Today, I took the TC to my private range and fired the factory ammo. I LOVE IT!!!
    The recoil is less than 1/2 of my 14″ TC in 223, even loaded down to ‘starter’ loads. AND, the shoulders were NOT blown forward. Since this round only uses 5 gr of powder, it’s going to be really cheap to shoot.
    Remember my experience is based on a closed breech single shot……
    Be safe and have fun.

  2. Have had no experience with the 5.7. The article did remind me of the fun we had with my brothers Contender chambered in .22 Jet. This was 40 years ago and ammo was hard to come by even then. Since he had bought a reloading die for it, we would set a primer and then, with no powder, place a .22 caliber pellet in the neck. Just the power of the primer would send an accurate shot out to 25 yards. FUN FUN FUN!

  3. at the outset, it looked like a good idea to me,,power, capacity, flat shooting, and made well. So, i bought 3. You know you have to be ready to give a couple away at Christmas time like you always do. So,,,,later, much later,,,,i find that prices for ammo are going up, not down, and dies are not affordable, and the widespread acceptance i was expecting wasnt coming!!! WHAT??? so,,here i am, dummy again, traded two off and havent shot the remaining one except for a few rounds, a couple of years ago. Waiting now to see if anything positive comes from it. I was fooled with the 22 jet and 221 fireball in the past also,,,,,im a slow learner,,,,

  4. The 5.7 just seems to be a novelty to me. Overpriced ammo and the things used to make those high dollar rounds go boom is nuts. Not really sure why this round exists.

  5. Rodger

    Thanks for reading!
    The 32 grain Stinger runs 1032 fps in a six inch barrel revolver.
    The CCI MiniMag 40 grain funs at 1090 fps in the same revolver.
    The low burning powder used in the Stinger really gets going in a rifle, however.
    The Stinger clocks 1478 fps in an 18 inch barrel rifle.
    The MiniMag is good but not close at 1222 fps.
    There are not factory figures or figures off the web but my personal testing.
    Bob Campbell

  6. Food for thought based on a real world scenario. I believe in the Ft. Hood shooting, may he burn in hell for eternity, Major Hassan used a 5.7x28mm handgun. Now, the range was obviously under 50 meters, but the b*stard was obviously successful in murdering iirc over 10 people. I could look it up for certain, but so can the rest of you. This caliber, simply put is quite deadly in the hands of a reasonably competent individual. The only real detriment I see was well brought out in this article about the cost of 9mm and 5.56. As a veteran airborne infantry soldier, I prefer AR15’s and AK47’s, but the 5.7’s lack of recoil can’t be overlooked when dealing with someone with weak upper body strength.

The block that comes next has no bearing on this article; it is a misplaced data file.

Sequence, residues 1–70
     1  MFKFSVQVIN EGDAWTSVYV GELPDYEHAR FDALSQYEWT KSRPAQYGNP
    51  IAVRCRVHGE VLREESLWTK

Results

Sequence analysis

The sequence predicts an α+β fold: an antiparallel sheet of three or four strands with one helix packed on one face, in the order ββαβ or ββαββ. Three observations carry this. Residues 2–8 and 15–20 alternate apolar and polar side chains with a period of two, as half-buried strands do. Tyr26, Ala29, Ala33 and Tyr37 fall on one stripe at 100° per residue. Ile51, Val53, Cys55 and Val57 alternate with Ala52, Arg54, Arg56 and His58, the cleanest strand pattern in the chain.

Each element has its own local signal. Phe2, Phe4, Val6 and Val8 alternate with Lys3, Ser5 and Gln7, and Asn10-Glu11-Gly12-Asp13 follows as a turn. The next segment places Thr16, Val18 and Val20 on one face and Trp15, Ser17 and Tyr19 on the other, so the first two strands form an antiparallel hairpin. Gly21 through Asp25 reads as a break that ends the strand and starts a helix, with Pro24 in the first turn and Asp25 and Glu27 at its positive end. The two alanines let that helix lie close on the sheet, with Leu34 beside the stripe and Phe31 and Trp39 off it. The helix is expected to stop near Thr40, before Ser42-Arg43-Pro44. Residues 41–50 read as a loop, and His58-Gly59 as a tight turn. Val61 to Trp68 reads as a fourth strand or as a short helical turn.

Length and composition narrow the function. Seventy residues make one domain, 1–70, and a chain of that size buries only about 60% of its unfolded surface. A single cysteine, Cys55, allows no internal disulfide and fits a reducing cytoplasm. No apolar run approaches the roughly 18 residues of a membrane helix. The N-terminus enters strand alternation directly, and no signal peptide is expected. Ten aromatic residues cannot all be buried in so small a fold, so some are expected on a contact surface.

7. While an Armorer and Range Master for a police department & the Police academy we were looking at pepper-ball guns and the proprietor brought with him a P90 and a hand gun five-seven. Impressed with the velocities and little to no recoil, I bought one (handgun).
    At first the hype was, “it will pierce buddy armor!” Then a few years later the scare was, “it will pierce body armor!” Then better expanding bullets started showing up and the scare was over & the “cop killing” bullets were no longer available to the general public.
    I was also impressed with its accuracy out to about 200+ yards! For a Handgun with little recoil I was shooting at 9″ metal plates just past 200 yards (212) and hitting them consistently!! (heavy man grunts inserted here would be awesome!!)
    So, being an avid hunter, I decided to see how it kills things. I took the gun preaditor hunting. Called in a very leary fox and he was distracted by mice and would not come any closer than about 200 yards. Using a large pine tree for concealment I got to 102 yards.(compliments of Leupold Range Finder.) Open sights and fear my previous shooting was was the exception, not the rule, I held just over the Fox’s back and gently pulled the trigger. I shot exactly where I was aiming and the fox ran away unscathed.